Another fight brewing over the mortgage interest deduction
Just a few months ago, an effort to significantly reduce the mortgage interest deduction failed.
National Commission on Fiscal Responsibility and Reform — a task force put together by President Barack Obama — put together a report in furtherance of its mission to save $4 trillion over the next decade. In addition to tax increases, spending cuts and elimination of a lot of tax breaks was a suggestion to scale back the mortgage interest deduction. One of the proposals in that plan was a measure turning the mortgage interest deduction into a 12 percent credit available to all home owners, rather than the current deduction that is tied to income. The mortgage size was to be capped at $500,000 and interest on mortgages for second homes and on home equity loans wouldn’t be eligible.
The report didn’t receive the votes necessary to make it to Congress in December, thus nullifying the most immediate threat to the mortgage interest deduction. Obama, in a speech tonight, raised the possibility of cutting that deduction as part of an overall plan to raise an additional $1 trillion in tax revenue over the next 12 years.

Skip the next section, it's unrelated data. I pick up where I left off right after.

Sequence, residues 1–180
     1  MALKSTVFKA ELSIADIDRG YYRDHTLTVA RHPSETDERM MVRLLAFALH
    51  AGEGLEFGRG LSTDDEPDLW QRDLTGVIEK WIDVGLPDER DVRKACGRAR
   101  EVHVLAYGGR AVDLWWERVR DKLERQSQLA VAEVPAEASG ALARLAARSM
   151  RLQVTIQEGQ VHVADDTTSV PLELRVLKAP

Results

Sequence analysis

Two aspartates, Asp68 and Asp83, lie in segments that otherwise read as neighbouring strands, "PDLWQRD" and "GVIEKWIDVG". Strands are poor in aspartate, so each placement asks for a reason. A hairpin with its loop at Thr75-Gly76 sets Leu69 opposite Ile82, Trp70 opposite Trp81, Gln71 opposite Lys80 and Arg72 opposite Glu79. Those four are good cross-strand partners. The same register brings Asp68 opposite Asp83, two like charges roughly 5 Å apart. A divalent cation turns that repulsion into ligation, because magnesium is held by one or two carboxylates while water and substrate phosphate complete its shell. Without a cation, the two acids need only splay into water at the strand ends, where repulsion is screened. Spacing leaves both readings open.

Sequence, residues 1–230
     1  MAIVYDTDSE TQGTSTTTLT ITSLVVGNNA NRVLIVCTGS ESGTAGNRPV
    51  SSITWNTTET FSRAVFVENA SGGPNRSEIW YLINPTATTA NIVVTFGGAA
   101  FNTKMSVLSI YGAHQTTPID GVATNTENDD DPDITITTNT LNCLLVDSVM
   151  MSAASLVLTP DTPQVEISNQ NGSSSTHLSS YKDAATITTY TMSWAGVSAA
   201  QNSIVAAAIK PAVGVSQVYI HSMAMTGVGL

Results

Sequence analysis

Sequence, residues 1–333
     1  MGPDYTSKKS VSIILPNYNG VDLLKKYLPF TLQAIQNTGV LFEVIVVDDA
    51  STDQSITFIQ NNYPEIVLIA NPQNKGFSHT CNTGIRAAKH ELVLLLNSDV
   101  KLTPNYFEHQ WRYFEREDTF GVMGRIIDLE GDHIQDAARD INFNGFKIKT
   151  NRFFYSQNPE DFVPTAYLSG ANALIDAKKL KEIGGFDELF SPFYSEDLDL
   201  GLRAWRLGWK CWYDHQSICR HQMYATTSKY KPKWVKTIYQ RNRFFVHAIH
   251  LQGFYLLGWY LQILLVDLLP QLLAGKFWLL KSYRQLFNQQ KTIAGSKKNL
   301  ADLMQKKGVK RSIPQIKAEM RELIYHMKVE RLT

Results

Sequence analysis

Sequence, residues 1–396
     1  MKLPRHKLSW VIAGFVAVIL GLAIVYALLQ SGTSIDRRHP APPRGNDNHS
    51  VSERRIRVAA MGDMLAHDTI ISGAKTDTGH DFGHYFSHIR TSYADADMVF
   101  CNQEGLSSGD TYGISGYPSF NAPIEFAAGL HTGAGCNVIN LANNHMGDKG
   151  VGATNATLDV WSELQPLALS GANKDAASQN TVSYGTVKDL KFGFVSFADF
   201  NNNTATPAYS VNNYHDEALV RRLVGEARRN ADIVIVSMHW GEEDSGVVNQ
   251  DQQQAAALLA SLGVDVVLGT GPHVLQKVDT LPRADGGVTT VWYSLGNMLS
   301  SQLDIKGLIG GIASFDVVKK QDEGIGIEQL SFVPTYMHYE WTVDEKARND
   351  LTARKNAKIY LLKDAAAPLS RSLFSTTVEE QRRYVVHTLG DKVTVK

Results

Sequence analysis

It appears, then, the fight over the mortgage interest deduction was only over temporarily.
The coming discussion of the deduction comes at an opportune time for us at First Arkansas News. Why? This site turns one-year-old on Saturday (April 16) and we’re launching a bit of a project in conjunction with our first anniversary. Participating in the discussion of the mortgage interest deduction is a worthwhile endeavor and that’s exactly what we aim to do.
How? We’re going to ask a simple question and see what responses we get — is the mortgage interest deduction a product of sound public policy?
Rather that letting groups and individuals motivated by politics or self interests answer that question, we’re going to invite some neutral economists who will, hopefully, answer as logic dictates. Those invitations will be delivered by the weekend and we’ll run the answers from all those who have accepted them and have chosen to engage in that particular discussion.
When will we run those answers? That’s hard to say as no deadlines have been set — we’ll run a story when we’ve heard from all invitees who choose to discuss the mortgage interest deduction.
Benton resident. Rogue journalist. Recovering attorney. Email = Ethan@FirstArkansasNews.net.